After opening its doors in 2000, Tate Modern quickly became the most popular modern and contemporary art destination in the world, welcoming more than five million visitors a year. Architects Herzog & de Meuron created a gallery of singular power and beauty, whose spaces articulate a rare affinity with contemporary art.
Travelling the world with an architect’s eye Architect Harry Seidler spent more than 50 years traveling the globe, extensively photographing the peak achievements in architecture from 3000 B.C. to the present day. Thanks to sound advice given to him early on by his photographer brother Marcell (“Only use Leica cameras and Kodachrome film, which is archival”), Seidler’s hobby quickly developed into a passion and, finally, an impressive archive of world architecture.
The Jo’burg Book is an engaging and authoritative history that follows the story of the city through its spaces and communities. By the end of its 300-odd pages you will have fallen in love with the old city all over again!
Following two magnificent Assouline volumes on Paris and New York, photographer Jean-Michel Berts turns his lens to Japan in The Light of Tokyo. This stunning collection is a tribute to the grandeur of urban architectureâ€”the blend of the modern and the traditionalâ€”at the peak of daybreak. The evocation is romantic, ethereal and empty of any trace of human movement. In an almost unworldly reflection through photographs, Berts captures the very essence of the area, from the parks and gardens to the Buddhist temples and shrines. With patience, Berts unravels a mood of mystery and timelessness of a city reborn after the destruction caused by war and natural disasters.
A photographer since age sixteen, Jean-Michel Berts has acquired an outstanding international reputation by showcasing his work in New York, Moscow, London, St. Tropez, Berlin, Hamburg, and at Art Brussels. He has also done successful advertising campaigns for luxury brands.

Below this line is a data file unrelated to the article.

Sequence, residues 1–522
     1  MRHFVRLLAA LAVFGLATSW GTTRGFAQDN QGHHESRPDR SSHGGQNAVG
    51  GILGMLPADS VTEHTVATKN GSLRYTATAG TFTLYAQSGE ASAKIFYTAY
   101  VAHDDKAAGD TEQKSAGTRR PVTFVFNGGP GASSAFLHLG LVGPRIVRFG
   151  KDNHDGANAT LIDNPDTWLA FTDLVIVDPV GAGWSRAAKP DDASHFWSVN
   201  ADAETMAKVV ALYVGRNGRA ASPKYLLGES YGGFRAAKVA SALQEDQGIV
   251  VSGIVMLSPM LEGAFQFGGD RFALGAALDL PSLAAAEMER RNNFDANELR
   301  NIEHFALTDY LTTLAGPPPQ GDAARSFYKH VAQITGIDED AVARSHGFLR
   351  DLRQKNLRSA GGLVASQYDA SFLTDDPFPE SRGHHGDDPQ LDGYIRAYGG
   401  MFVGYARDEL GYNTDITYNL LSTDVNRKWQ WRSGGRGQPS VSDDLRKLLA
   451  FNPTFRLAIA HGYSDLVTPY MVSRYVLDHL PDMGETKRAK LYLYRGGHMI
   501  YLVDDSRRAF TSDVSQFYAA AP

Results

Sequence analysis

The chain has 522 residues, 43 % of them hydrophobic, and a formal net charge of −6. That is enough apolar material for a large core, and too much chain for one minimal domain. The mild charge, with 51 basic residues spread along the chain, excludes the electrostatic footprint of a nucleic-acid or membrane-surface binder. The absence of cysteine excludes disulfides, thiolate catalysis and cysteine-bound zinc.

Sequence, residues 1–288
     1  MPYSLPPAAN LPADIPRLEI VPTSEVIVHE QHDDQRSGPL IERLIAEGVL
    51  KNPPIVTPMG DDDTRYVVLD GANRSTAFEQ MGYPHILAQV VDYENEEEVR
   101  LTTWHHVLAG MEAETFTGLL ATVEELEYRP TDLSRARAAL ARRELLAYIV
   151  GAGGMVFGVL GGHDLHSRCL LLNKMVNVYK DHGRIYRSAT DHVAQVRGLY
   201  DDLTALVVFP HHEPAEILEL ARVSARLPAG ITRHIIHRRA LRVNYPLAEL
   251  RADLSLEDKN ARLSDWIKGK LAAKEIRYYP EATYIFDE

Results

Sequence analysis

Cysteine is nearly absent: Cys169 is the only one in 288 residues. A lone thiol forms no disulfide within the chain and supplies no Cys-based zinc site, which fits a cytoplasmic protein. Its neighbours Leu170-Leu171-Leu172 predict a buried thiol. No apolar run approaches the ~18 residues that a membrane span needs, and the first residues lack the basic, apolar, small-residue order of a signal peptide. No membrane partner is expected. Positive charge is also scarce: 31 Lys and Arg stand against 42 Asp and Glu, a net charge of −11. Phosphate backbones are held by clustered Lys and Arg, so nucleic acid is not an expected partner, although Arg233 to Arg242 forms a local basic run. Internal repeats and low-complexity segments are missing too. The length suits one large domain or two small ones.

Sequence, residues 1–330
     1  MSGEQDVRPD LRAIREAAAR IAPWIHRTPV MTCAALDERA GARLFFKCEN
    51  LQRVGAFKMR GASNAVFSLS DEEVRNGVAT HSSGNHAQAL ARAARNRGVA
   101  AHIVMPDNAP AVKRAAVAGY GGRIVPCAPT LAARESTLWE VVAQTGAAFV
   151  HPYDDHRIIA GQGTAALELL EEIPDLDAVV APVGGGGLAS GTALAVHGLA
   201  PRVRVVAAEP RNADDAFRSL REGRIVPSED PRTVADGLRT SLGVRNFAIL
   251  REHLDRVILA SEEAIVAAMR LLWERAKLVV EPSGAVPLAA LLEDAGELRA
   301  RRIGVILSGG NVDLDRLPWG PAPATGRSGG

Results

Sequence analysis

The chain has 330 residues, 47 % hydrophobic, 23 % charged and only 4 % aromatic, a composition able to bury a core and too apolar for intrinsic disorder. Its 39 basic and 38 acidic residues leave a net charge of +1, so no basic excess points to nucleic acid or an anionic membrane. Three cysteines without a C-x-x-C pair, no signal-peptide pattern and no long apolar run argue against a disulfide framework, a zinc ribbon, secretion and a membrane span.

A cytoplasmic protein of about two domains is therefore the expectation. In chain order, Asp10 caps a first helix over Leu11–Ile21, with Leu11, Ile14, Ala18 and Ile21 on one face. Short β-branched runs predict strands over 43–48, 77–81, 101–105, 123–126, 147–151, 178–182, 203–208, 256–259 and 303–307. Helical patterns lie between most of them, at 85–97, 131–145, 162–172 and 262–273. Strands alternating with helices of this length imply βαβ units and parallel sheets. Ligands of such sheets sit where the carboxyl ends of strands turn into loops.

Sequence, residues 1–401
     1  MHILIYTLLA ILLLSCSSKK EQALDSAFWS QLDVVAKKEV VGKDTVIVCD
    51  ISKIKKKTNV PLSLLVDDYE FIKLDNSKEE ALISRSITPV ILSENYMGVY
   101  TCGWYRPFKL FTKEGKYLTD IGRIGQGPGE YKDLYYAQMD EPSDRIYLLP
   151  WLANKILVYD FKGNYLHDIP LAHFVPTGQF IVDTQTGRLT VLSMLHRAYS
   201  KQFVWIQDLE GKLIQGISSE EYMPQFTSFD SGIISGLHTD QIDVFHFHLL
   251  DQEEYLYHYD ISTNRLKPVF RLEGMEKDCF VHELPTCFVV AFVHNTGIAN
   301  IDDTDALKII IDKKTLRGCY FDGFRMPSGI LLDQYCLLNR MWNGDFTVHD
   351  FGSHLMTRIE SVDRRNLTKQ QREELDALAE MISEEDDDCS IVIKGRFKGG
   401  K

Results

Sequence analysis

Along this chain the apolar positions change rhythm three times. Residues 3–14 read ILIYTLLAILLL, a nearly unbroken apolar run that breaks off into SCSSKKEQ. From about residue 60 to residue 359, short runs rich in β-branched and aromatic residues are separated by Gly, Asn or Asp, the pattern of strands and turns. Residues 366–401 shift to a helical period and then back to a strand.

One of the more exciting realities of 21st-century life is that objects are now able with the help of embedded technology to sense, think, act and communicate. Very soon, every building, city and landscape component will be equipped with communicative and computational capacities: we shall be surrounded by sentient architecture.
Design and Planning for Sustainability (New edition) In 1975 Brenda and Robert Vale published The Autonomous House, a manifesto offering down-to-earth suggestions for building homes that do not pollute the earth or squander its resources. Their book received tremendous praise around the world and was seen as a significant move toward green architecture. Nearly twenty…
Frank Lloyd Wright wasn’t just an architect. He was a prophet, a poseur; a beloved teacher, a failed businessman. During his long, eventful life he experienced both incredible misfortune and great success.
Although modern techniques and new materials have greatly decreased the number of structural failures; in today’s world, buildings still fall down- and whenever a building, a bridge, a tunnel, or a dam collapses, it is front-page news and often the beginning of a hunt for clues and culprits as interesting as any detective story.
Between a nomad’s tent and the Sears Tower lies a revolution in technology, materials, and structures. Here is a clear and enthusiastic introduction to buildings methods from ancient times to the present day, including recent advances in science and technology that have had important effects on the planning and construction of buildings.
James Trilling presents an immense variety of ornament from the Paleolithic Age to the present day, enabling the reader to appreciate inherent form and beauty, as well as historical importance across cultures â€“ whether in the monumental architecture of Mycenean Greece or the inlaid vessels of Zhou Dynasty China, in the bronze mirrors of early Celtic Britain or the carved or worn ornament of Native Americans.
The Museum of Modern Art is now in the midst of the largest building project in its history. Designed by Yoshio Taniguchi, the new Museum will reopen in midtown Manhattan in winter 2004-05 to coincide with its 75th anniversary. The 630,000-square-foot Museum will be nearly twice the size of the former facility, offering dramatically expanded and redesigned spaces for exhibitions, public programming, educational outreach, and scholarly research.
Discover the audacious futurism ofZaha Hadid. As the first woman to win both the Pritzker Prize for architecture and the RIBA Royal Gold Medal, Hadid broke the rules and re-defined the game, despite some saying her designs were unbuildable. At the time of her unexpected death in 2016, she was firmly established as the first great architect of the noughties.